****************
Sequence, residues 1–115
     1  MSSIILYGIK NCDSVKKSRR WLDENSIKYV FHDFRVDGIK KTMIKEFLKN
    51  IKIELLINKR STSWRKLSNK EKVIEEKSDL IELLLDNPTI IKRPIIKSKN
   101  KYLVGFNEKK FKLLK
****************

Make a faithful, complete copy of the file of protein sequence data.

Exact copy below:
Sequence, residues 1–115
     1  MSSIILYGIK NCDSVKKSRR WLDENSIKYV FHDFRVDGIK KTMIKEFLKN
    51  IKIELLINKR STSWRKLSNK EKVIEEKSDL IELLLDNPTI IKRPIIKSKN
   101  KYLVGFNEKK FKLLK